Posada, 45, helped the Yankees win four World Series championships from 1998-2000 as well as 2009. He made the American League All-Star team five times, won five Silver Sluggers, and had a top-three AL MVP Award finish. Posada also hit 20 or more homers in eight seasons, finished with a career adjusted OPS (a.k.a. OPS+) of 121, and accrued 42.7 Wins Above Replacement in his 17-year career according to Baseball Reference.

While Posada’s OPS+ and WAR are lacking compared to other Hall of Famers — he was 18th of 34 eligible players in JAWS, Jay Jaffe’s WAR-based Hall of Fame metric — catchers simply have not put up the same kind of numbers that players at other positions have. That’s likely because catching is such a physically demanding position and often results in injuries and shortened careers. It is, perhaps, not an adjustment voters have thought to make when considering Posada’s eligibility.

Furthermore, Posada’s quick ouster is somewhat due to the crowded ballot. Most voters had a hard time figuring out which 10 players to vote for. Had Posada been on the ballot in a different era, writers likely would have found it easier to justify voting for him.

Posada joins Kenny Lofton in the “unjustly one-and-done” group.

Tim Raines, Jeff Bagwell, Ivan Rodriguez Elected to the Hall of Fame

1990:  Outfielder Tim Raines of the Montreal Expos in action. Mandatory Credit: Otto Greule  /Allsport
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The 2017 induction class of the Baseball Hall of Fame was announced Wednesday evening and we have three inductees: Tim Raines, Jeff Bagwell and Ivan Rodriguez. Raines and Bagwell had to wait a good long while to get the call. Rodriguez is in on his first year of eligibility. But nowhere on the plaque will it say how long it took. All that matters now is that three of the greatest players of their respective generations finally have a place in Cooperstown.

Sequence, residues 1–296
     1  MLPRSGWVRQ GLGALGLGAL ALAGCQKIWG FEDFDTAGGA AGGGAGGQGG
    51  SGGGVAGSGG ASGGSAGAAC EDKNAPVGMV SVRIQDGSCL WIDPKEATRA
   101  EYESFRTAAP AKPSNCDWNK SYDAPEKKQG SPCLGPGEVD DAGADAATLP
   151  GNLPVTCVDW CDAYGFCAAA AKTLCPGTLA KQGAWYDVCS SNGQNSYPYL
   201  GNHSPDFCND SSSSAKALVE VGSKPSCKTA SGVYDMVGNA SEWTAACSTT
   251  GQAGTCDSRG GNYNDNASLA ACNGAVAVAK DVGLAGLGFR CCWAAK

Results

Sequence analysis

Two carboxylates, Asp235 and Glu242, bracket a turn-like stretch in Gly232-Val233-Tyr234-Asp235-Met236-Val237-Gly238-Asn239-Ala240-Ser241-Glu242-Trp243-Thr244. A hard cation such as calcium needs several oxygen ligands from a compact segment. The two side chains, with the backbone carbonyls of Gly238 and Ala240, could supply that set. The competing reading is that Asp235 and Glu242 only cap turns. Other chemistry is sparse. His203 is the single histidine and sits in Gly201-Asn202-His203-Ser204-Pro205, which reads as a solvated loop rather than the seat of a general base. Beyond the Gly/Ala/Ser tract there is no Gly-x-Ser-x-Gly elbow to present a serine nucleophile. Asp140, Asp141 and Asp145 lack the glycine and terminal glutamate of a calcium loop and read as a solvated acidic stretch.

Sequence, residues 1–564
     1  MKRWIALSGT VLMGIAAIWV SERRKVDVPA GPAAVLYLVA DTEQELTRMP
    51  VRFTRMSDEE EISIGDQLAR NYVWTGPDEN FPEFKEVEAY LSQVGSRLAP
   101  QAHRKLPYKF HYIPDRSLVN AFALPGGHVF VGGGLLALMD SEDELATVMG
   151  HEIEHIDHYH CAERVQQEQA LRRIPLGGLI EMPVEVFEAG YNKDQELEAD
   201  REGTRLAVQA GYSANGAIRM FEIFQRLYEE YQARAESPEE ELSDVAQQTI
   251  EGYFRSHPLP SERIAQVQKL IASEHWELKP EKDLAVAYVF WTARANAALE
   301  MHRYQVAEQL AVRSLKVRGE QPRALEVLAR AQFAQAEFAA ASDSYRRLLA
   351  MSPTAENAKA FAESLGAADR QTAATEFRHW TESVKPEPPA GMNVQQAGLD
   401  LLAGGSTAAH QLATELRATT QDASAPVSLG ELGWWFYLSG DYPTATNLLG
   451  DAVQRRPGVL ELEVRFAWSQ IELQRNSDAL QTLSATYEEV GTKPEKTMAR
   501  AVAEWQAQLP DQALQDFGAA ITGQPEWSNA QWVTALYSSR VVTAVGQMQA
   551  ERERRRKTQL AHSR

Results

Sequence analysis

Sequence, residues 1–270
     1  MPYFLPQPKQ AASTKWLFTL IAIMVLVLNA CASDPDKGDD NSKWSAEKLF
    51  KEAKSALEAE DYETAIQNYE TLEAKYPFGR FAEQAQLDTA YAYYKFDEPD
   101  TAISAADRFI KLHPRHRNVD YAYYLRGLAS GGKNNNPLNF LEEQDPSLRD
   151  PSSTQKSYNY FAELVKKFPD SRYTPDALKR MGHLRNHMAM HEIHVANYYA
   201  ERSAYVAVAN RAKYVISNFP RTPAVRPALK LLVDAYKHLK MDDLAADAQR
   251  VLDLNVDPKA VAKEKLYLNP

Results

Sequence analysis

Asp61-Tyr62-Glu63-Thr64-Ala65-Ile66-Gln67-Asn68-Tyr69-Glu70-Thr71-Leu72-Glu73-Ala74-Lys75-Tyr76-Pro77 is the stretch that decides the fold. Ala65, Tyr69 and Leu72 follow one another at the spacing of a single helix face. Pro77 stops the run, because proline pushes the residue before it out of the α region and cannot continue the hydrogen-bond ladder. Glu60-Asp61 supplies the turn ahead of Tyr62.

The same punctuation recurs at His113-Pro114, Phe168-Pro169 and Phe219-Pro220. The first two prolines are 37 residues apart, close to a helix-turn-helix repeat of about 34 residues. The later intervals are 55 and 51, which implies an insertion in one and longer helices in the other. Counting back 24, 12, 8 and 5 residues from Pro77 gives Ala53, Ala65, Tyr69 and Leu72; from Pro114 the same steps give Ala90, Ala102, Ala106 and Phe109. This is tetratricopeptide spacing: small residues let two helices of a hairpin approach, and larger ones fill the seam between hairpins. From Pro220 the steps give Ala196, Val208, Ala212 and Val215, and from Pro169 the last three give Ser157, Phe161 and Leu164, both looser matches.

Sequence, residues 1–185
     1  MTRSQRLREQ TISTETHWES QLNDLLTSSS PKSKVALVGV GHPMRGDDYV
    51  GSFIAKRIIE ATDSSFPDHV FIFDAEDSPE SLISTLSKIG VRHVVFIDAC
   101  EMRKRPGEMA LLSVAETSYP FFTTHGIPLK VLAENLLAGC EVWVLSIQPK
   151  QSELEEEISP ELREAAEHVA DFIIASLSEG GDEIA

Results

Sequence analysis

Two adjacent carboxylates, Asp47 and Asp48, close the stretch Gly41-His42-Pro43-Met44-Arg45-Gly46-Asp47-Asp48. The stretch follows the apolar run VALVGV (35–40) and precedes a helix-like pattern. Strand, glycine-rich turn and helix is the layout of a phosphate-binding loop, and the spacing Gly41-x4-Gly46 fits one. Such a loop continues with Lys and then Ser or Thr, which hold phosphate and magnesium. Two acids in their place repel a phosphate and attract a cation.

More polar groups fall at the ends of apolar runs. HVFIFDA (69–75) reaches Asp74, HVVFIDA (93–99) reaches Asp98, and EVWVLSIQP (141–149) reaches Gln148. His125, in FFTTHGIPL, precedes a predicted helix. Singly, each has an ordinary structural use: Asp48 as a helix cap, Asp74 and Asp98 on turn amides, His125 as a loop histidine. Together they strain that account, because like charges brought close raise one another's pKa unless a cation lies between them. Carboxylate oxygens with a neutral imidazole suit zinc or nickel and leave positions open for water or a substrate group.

Players must be named on 75% of the Baseball Writers Association of America’s ballots to get in. Raines was named on 86% of the ballots. Bagwell was named on 86.2%. Rodriguez was named on 76%. Non-inductees with significant vote totals include Trevor Hoffman at 74% and Vladimir Guerrero at  71.7%. The full results can be seen here.

Others not making the cut but still alive for next year, with vote totals in parenthesis: Edgar Martinez (58.6); Roger Clemens (54.1); Barry Bonds (53.8); Mike Mussina (51.8); Curt Schilling (45.0); Manny Ramirez (23.8); Larry Walker (21.9); Fred McGriff (21.7); Jeff Kent (16.7); Gary Sheffield (13.3%); Billy Wagner (10.2); and Sammy Sosa (8.6). Making his final appearance on the ballot was Lee Smith, who received 34.2% of the vote in his last year of eligibility. He will now be the business of the Veterans Committee.

Players who fell off the ballot due to not having the requisite 5% to stay on: Jorge Posada; Magglio Ordoñez; Edgar Renteria; Jason Varitek; Tim Wakefield; Casey Blake; Pat Burrell; Orlando Cabrera; Mike Cameron; J.D. Drew; Carlos Guillen; Derrek Lee; Melvin Mora; Arthur Rhodes; Freddy Sanchez; and Matt Stairs

We’ll have continued updates on today’s Hall of Fame vote throughout the evening and in the coming days. In the meantime, congratulations to this year’s inductees, Tim Raines, Jeff Bagwell and Ivan Rodriguez!